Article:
Luckily, the British government launched its latest energy security strategy on the same day, I had arranged to have cavity wall insulation installed in our old 1930s family home at the end of the terrace.
Not that there was much connection between these two things. Our home is one of 26 million reasons why something needs to be done about leaky UK housing stock. The government strategy was conspicuously silent on any policy to achieve this. Nothing at all, for example, to replace the Short Term Grant for Green Homes program, launched in July 2020 and abandoned in March 2021 amid vague accusations of bureaucratic failure.
Our own upgrade had missed this window. It cost me countless unanswered emails, labyrinthine websites and insistent sales calls to find someone I could trust. But thanks to the work they had done to improve the insulation in our attic, I knew these guys were efficient, professional and courteous. A small family business run by three brothers. I loved them.
I asked the older brother (let’s call him Asif) what he thought about supporting household energy efficiency in the UK. Or lack thereof. “I’ll tell you something,” he told me. “When the Green Homes grant was running, we had three times as many teams on the road as today.” All the more damning then, that there was nothing new in this strategy to help their cause.
The work that I and many others carried out over 30 years ago showed that improve energy efficiency is one of the most cost-effective ways to reduce energy consumption, avoid carbon emissions and lower household bills. So why is it so hard for the government to take it seriously?
The British way?
The day before the strategy was launched, Business Secretary Kwasi Kwarteng shed some curious light on the puzzle. During an online session speech at Harvard Kennedy School he highlighted what he called “the British way”. Rejecting outright anything that smacks of a ‘planned economy’, he insisted on ‘the power of our precious market economy to mobilize private capital and unleash Britain’s unique entrepreneurial spirit to develop new industries “.
If Asif and his brothers had listened, they might have felt a thrill of hope. But apparently they weren’t the kind of entrepreneurs Kwarteng had in mind. “Expensive gas is the problem,” he told the Kennedy School. “Cheap, clean and local energy is the solution”.
Strange then, that the flagship of the new strategy turned out to be nuclear power, which is neither clean nor cheap – nor even homemade. In 2013, 25 years after the newly privatized electricity market refused to have anything to do with nuclear power, the British coalition government offered French and Chinese contractors a major grant to start build the Hinkley Point C Reactor in Somerset. After numerous delays and pernicious cost overruns, it won’t be in service until at least 2027. Five years from now. Nuclear will do nothing for today’s urgent energy security needs. This will be no relief at all for households struggling with rising energy bills.
Beyond that big white elephant, the strategy held a vote of confidence in offshore wind power, gave a nod of long-term support for hydrogen, and made a gesture of goodwill to that other hotly contested technology: splitting.
As part of a partial reversal of David Cameron’s effective moratorium on onshore wind power, he also graciously allowed communities to be consulted on their desire to accept wind farms in exchange for lower energy bills . As I first found out when I was giving evidence to an inquiry into an earlier Hinkley Point proposal in 1988, this was something Denmark had transparently implemented decades ago.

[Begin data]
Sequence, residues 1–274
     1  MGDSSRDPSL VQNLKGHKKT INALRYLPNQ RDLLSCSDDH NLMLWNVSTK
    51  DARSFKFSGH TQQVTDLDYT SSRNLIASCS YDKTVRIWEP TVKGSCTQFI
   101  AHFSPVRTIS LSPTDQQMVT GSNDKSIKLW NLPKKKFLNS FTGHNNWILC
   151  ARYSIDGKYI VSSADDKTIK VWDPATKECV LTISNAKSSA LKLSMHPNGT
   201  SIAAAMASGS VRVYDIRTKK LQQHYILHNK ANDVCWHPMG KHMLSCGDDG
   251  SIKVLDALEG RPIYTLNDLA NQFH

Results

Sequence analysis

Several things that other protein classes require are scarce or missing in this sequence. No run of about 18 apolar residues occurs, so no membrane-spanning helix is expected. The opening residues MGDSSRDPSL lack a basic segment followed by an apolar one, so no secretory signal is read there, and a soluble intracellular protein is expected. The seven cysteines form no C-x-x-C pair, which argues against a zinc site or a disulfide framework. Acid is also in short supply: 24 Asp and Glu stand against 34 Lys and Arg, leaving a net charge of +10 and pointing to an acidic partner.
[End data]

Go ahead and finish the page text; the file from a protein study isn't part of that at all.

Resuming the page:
Few specific policies
The strangest aspect of the strategy was the almost complete absence of anything even remotely resembling real politics. Or even a strategy. “Clear long-term signals” were the best. But no new money is tied to a specific goal. Presumably, it would have looked too much like a planned economy. Not at all British.
Curiously however, the planning was authorized in the form of a new Future system operator to “steer our global transition and oversee the UK energy system”. In a long-awaited acknowledgment that an unfettered energy market has no chance of snowballing into hell to handle the perfect storm of climate change, energy security and soaring gas prices, this still undefined role will certainly require some kind of plan – etc.
When you couple Kwarteng’s fine words with the inability to offer real support for even the most basic and cost-effective solutions, you can’t help but think this was just an exercise in forward-looking orientation without enthusiasm. An evasive attempt, based on faulty ideological assumptions, to “mobilize private capital” in place of meaningful government policy. Or in other words, directing financial wealth toward what could one day become state-subsidized, above-market rates of return for the lucky few.
As for ordinary households struggling with mounting bills, well, there is still a grant scheme to offset £5,000 of the cost of a aerothermal heat pump. I looked inside. For our now well-insulated house we would need to find around £6,000 on top of the grant and could expect to save £40 a year, giving a princely payback time of 150 years.
Asif said something else to me as he ticked one more house off the UK’s ‘most elusive’ list. The only time they’ve been busier than during the Green Homes Grant program is when Isolate Brittany stuck to the M25 motorway.
Whatever the government says it is doing – and not doing – one thing is clear. The “precious market economy” will never make up for our inability to insulate people’s homes from the cold, the world from Putin’s atrocities, and the future from the ravages of climate change. I’m going to buy some glue.
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